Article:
TDSB to provide mental health training to entire workforce
Published Wednesday, January 29, 2014 7:55AM EST
Toronto District School Board Director of Education Donna Quan speaks with reporters at Rosedale Heights School for the Arts on Tuesday morning. The TDSB will provide mental health training to its entire workforce as part of a four-year mental health strategy. (Chris Fox/CP24.com)
The Toronto District School Board will provide mental health training to its entire labour force as it works to provide a better support system for students dealing with anxiety and depression.
The initiative is part of a four-year mental health strategy unveiled by TDSB Director of Education Donna Quan at Rosedale Heights School for the Arts on Tuesday morning.
Other major tenants of the strategy include the establishment of mental health teams to promote health and wellness inside schools, enhanced engagement and communication with parents and a commitment to increase the number of schools with anti-stigma programs by 50 per cent.
“We want to do a blitz with this because it is an important and key topic in the well-being of our society. This is not just about education,” Quan told reporters following the news conference. “We are raising youngsters and youth that are more anxious and more worried about their future and we want them to feel good about themselves because without a healthy mind you can have all the academic strength in the world and where does it lead you?”
The TDSB aims to provide introductory mental-health training to all of its 33,000 full-time employees and 6,000 part-time employees by June.
The training will be provided at a cost of about $150,000, which is being covered through a grant from the Ministry of Education.
Quan said the training will not come in the form of a “one-day workshop” and will include ongoing online training and monthly discussions amongst staff about mental health issues.
The TDSB will also add information about getting help to every employees pay stub as it works to drive the message home.
“It is not just the teachers in front of the students that need to take ownership for the well-being of students,” Quan said. “This job belongs to all of us, right from the superintendent to the classroom teacher to the educational assistant to the lunchroom supervisor. Everyone must recognize what anxiety and depression looks like and sounds like. “
TDSB hopes to better educate students on how to cope with stress
Public school health classes have traditionally taught things like healthy relationships and healthy living, but Quan said she would like to see a more “precise” mental-health geared curriculum, pointing to the school where she made the announcement as the model to strive towards.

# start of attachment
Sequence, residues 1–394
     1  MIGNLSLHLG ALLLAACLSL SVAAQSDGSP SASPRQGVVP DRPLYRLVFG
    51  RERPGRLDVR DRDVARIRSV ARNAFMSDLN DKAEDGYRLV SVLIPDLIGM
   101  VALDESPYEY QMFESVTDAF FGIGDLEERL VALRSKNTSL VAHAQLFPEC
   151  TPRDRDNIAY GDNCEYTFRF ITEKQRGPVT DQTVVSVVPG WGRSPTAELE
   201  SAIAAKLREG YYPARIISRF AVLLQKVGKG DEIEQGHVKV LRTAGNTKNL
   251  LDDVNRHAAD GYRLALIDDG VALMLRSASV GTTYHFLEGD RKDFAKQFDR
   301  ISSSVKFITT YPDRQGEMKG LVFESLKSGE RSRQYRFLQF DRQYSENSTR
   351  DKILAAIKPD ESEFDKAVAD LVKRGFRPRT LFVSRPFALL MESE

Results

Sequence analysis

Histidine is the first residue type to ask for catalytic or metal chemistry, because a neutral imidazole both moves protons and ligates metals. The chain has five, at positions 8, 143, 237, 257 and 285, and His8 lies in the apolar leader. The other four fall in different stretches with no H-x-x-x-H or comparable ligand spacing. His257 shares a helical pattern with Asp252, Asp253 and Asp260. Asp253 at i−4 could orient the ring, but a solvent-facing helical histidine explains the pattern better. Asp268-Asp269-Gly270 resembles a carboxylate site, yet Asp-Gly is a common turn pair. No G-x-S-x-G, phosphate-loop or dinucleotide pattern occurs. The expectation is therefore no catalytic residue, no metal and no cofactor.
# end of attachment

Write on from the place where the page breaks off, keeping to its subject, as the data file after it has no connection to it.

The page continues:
Rosedale Heights School for the Arts on Bloor Street East has trained 12 teachers in “mindfulness practices,” and those teachers now integrate skills like how to better cope with stress and live in the moment into their teachings.
The school also has a number of other programs aimed at easing student mental health, including a weekly yoga session lead by a certified instructor.
“It is actually not that easy to be a human being, it is kind of hard and we all need some help along the way. That’s why at Rosedale we have made it a part of our daily lives,” mental health lead teacher Kathy Sartory told reporters Tuesday. “You know resiliency is a skill, well-being is a skill and happiness is actually a skill. You can learn it and you can teach it.”
Most students suffer from some form of anxiety
The Toronto District School Board’s commitment to improve mental health comes in the wake of a comprehensive survey completed in 2012 that revealed many students are struggling to deal with day-to day stress and often face prolonged bouts of depression.
The survey found that 17 per cent of students between Grade 9 and 12 reported being “down” most of the time and about 38 per cent reported being “under a lot of stress” most of the time.
The survey also found that 73 per cent of students between Grade 9 and 12worry about their future.
“I find it alarming. We live in a fast paced society where technology has increased the speed of our response time and I think that has transferred to how students feel they need to respond and perform,” Quan said. “Our job is to have the hurried society but also give students the skills and the competencies to slow down when needed and to reach out for help.”